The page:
Some aspects of the biology and distribution of Amphibola crenata (Gastropoda: Pulmonata) with special reference to possible effects of pollution from sewage outfalls (1979)
Type of ContentTheses / Dissertations
Degree NameDoctor of Philosophy
PublisherUniversity of Canterbury. Zoology
Shell morphology and sculpture, population size structure, sediment grain size preference, and the reproductive cycle, are described for the common estuarine mud flat gastropod, Amphibola crenata (Martyn 1784). Snails which occurred near to sewage outfalls in the Avon-Heathcote Estuary, are compared with those which occurred In an area with similar salinity and exposure conditions but isolated from possible effects of sewage. Sediment silt and organic carbon content were higher near to the outfalls. Shell morphology, described by shell dimensions, geometrical parameters of coiling, linear weight relationships and shell deposition patterns, showed no significant difference between the two areas. A predominantly juvenile population which occurred near to the sewage outfalls was the result of an annual cycle of settlement and sub-sequent population loss. A predominantly adult population occurred in the area unaffected by the outfalls. In laboratory experiments, animals from each area preferred sediment from their own particular area. Size frequency and sculpture distribution showed no regular zonation patterns for other areas of the estuary. Seasonal changes in the ovotestis were not significantly different between animals collected from the two areas. Tissue levels of heavy metals in A. crenata collected from near to the sewage outfalls were lower per unit tissue dry weight but higher in total metal per individual than in those from the other area. Tissue and sediment levels of metals were relatively low in both areas compared with levels reported in studies of polluted conditions. Isolated areas of elevated metal levels occurred in the Avon River. Exceptionally long survival times for A. crenata exposed to copper(ii) ion concentrations in the laboratory, are attributed to pulmonary respiration, the operculum, and high mucous production. Salinities below 8% seawater and increase in temperature affected the toxicity of copper to adults. Veliger larvae were sensitive to much lower concentrations of ionic copper(ii) (0.5ppm) than those which affected egg development (5ppm) or survival of adults (2.5ppm). The size distribution of A. crenata near to the sewage outfalls does not seem to be a result of the presence of toxic materials in the sewage.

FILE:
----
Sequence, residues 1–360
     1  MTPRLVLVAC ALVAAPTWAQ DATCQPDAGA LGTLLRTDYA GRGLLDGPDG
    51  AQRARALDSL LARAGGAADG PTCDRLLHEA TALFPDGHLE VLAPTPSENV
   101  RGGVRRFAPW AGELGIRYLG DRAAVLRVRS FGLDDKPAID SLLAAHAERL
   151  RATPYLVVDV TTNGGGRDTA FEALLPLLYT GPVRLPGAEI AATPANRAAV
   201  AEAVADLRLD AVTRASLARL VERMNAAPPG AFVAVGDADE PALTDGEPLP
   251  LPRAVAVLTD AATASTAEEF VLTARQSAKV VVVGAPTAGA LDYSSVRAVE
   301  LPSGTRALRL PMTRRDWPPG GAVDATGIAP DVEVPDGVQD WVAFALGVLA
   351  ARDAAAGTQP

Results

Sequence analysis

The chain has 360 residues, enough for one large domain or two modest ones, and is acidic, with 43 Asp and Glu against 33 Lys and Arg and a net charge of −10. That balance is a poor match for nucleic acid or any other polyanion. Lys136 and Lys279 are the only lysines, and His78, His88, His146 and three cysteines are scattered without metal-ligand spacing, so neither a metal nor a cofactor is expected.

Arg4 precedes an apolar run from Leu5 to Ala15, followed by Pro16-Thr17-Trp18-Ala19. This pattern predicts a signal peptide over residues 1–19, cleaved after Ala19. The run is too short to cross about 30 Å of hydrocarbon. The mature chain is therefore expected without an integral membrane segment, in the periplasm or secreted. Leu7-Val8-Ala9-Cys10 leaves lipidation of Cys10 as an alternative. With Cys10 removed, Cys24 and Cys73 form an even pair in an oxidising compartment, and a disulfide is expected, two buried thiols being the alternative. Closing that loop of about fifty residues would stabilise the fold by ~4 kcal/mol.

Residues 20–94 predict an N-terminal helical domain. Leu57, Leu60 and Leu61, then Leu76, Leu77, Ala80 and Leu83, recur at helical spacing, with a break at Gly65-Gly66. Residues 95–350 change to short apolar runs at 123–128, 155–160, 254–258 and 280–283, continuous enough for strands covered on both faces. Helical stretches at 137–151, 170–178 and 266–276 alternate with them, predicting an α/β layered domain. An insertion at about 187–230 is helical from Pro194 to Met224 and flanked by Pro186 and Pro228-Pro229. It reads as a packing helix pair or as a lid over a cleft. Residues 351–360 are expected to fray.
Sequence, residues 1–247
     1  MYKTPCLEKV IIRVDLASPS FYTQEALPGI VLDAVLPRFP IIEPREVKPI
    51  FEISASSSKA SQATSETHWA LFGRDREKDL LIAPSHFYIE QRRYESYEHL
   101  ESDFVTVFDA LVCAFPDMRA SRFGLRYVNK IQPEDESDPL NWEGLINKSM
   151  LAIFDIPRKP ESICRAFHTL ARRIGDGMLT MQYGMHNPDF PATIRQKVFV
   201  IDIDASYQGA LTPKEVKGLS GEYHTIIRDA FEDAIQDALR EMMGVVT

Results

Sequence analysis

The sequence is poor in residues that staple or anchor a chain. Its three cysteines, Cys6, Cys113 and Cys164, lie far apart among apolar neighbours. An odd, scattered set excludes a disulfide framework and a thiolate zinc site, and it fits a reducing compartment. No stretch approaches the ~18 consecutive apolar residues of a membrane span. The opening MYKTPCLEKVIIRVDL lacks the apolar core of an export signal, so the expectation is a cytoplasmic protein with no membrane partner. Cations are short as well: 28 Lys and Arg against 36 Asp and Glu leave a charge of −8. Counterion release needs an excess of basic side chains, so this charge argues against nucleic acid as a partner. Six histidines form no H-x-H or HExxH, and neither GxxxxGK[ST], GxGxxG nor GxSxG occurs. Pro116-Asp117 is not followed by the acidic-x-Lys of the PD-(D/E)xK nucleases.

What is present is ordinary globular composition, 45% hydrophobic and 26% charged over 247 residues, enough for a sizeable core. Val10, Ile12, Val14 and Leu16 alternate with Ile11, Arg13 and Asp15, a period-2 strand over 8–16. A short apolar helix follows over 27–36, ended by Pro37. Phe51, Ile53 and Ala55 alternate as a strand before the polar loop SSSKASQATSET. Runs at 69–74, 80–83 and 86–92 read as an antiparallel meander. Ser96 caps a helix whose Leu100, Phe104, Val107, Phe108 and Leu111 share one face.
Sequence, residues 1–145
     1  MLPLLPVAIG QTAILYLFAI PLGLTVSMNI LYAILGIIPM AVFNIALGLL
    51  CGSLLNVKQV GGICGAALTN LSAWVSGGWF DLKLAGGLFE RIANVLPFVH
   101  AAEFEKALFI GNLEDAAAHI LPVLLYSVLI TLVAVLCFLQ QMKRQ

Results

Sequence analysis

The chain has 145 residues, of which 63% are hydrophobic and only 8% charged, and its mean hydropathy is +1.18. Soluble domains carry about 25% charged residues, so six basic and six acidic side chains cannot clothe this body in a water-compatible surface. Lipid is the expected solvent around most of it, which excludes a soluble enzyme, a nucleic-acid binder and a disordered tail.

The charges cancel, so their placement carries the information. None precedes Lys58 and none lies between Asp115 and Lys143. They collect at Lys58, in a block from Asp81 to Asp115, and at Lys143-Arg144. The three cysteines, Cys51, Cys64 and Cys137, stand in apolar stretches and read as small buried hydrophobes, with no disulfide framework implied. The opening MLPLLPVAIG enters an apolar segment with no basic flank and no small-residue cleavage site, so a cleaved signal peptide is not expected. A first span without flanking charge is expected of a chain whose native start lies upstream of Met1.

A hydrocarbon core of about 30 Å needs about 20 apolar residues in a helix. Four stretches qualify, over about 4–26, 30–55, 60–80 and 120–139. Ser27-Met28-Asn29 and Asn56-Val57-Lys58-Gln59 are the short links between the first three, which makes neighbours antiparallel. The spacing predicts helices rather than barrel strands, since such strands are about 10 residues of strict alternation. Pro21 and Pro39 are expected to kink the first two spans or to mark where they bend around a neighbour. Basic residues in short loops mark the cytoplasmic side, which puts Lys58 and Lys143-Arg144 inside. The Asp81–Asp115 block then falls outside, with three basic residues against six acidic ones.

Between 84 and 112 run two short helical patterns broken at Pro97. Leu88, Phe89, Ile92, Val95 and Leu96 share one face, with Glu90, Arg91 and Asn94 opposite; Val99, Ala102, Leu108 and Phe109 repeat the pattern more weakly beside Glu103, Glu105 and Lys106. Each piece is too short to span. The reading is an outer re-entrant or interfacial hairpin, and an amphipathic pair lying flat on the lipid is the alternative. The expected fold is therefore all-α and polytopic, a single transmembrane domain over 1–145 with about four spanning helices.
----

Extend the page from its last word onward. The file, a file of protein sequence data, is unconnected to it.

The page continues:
RightsCopyright S. L. Bennington
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